in California and elsewhere with some success.   More than a dozen American Kennel Club Dual 
Champion Irish Setters have been made, evidence   Of the dog's native ability when proper traits 
are selectively sought in breeding.
  Fact number 6: They have 
been White House residents!
  Several U.S. Presidents Have Owned Irish Setters 
in the past. This means the breed has been at the   White House more than any other. At least 
three U.S. presidents owned Irish Setters,  

Including Harry Truman and Ronald Reagan. One 
of the most famous dogs that served in the White   House was Richard Nixon's beloved King Timahoe, 
or Tim for short. President Nixon Irish named   His dog after a small town in Ireland that was the 
homeland of the president's ancestors.   Fact number 7: They were born 
to be tv and film stars!
  There's quite a significant number of shows and 
films featuring Red Setters. They've appeared all   Over the place, including in the series Sherlock, 
as well as Madmen, and in the film 'All dogs go   To heaven 2. There are even Setters to be seen 
in the John Dies at the end series and even Mary   Poppins returns. Moreover, their popularity 
has gotten them into books and they can be   Found in Stephen King's novel The Stand.
Most famously, a red setter was the titular   Character in the Disney movie 'Big Red.' This film, made in the '60s, was based on   A 1945 novel by American author Jim Kjelgaard. 
Disney turned it into a commercially successful   Film about a wild-hearted Irish Setter who 
rebels against the show-dog lifestyle his   Owner wants for him. Big Red befriends a young 
boy who understands the dog's independent spirit.   The Irish Setters' good looks and trainability 
make them very adept for work on movie sets,   So don't be surprised if you spot one while 
scrolling through streaming services.   Fact number 8: They are clever but tricksy!
Irish Setters are well known for their   Intelligence, but they're also quite mischievous 
and can be fiercely independent. Unsurprisingly,   They're brilliant playmates for active older 
children, but they can be a bit overwhelming   For toddlers, who may find themselves suddenly 
bowled over by this rascally and over-eager   Redhead. Training Irish Setters requires much 
patience and consistency. As we mentioned earlier,   This breed is quite slow to mature, so you'll 
probably have a full-grown dog with puppylike   Enthusiasm and activity levels for several years. 
That means you need to be aware they might be   Playing the dog equivalent of a prank on you at 
any time just for the fun of it.   ===
What's your favorite fact about Irish setters?   Let us know in the comments and share 
your thoughts with other enthusiasts!
Fact number 9: They are outstanding hunting dogs!
  Developed in Ireland in the 1700s, Irish 
Setters were initially bred as ace hunting   Dogs in their namesake country, and today 
they continue to be popular sporting dogs.
  They are strikingly handsome, with feathered, 
silky red-chestnut coats and an athletic build   With a deep chest and long legs. The breed is 
a fast and focused hunter in the field, where   They move with grace and a sense of purpose. Irish Setters are smart dogs who love having   Work to do at the side of their owners. This breed is well known for its stamina and   Can easily spend the entire day in the field.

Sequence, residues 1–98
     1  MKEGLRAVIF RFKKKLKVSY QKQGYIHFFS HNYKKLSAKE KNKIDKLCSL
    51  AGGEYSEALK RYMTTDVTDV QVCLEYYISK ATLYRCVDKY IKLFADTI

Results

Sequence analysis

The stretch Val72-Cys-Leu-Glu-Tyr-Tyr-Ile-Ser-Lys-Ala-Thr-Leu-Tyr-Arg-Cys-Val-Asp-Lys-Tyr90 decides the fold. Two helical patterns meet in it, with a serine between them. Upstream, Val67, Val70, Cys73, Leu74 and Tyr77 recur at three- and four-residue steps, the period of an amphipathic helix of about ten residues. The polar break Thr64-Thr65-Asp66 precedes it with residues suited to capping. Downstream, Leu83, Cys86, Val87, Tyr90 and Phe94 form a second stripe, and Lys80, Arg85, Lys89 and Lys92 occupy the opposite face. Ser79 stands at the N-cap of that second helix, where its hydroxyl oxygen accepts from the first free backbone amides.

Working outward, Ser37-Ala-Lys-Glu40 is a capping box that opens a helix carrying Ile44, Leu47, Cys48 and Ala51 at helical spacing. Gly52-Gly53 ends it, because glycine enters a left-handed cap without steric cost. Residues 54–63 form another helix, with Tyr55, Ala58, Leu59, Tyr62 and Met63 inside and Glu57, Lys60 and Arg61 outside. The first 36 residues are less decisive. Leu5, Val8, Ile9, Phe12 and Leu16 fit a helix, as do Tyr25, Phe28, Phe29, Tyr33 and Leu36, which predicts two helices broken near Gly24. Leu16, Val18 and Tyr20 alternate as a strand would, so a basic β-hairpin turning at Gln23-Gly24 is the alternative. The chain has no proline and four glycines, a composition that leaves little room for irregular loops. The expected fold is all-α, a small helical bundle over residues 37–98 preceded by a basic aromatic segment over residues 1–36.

Irish Setters are also intelligent and eager   Students who will learn the beginner and 
advanced training quickly, especially when  

The lessons are changed up frequently and 
are fun, because they can get bored quickly.   This breed is a little sensitive and responds 
best to patience and positive reinforcement,   But they tend to work well with other dogs.
Irish setters are best suited to indicating   Where game birds are anywhere from mountains 
to bogs, to farmland, and forest.
  Fact number 10: They enjoy the 
company of celebrities!
  We already mentioned that they've been the 
companions of presidents, but it doesn't end   There. Irish Setters seem to often find themselves 
in the company of well-known characters around   The world. A dog named Milord was the Tsar 
of Russia, Alexander II's favorite dog.   Additionally, Shannon was a Setter 
belonging to the Beach Boy's Carl Wilson,   Whose death became the subject of the 
1976 song by his friend, Henry Gross.   Moreover, Peggy Brown was a female 
Irish setter and the pet of Finnish   Air Force Fighter Squadron 24 in World War II.
It is also fascinating to note that the first dog   Cesar Millan ever owned was an Irish Setter.
Although he does not consider himself a   Professional dog trainer, Cesar Millan 
of the TV show "Dog Whisperer" is best   Known for his work with people and 
dogs to resolve behavioral issues.
  His first pet was an Irish Setter. Millan's 
neighbor, a doctor who owned an Irish Setter,   Gave him a puppy when his dog had a litter. Millan 
dubbed his new pet Saluki, and they spent many   Years together. His experience with her helped to 
educate him on managing dog behavior, so you could   Say we have this breed to thank for the show.
All in all, Irish Setters are clearly an   Interesting and well-liked breed across the 
board, and we think it's very easy to see why!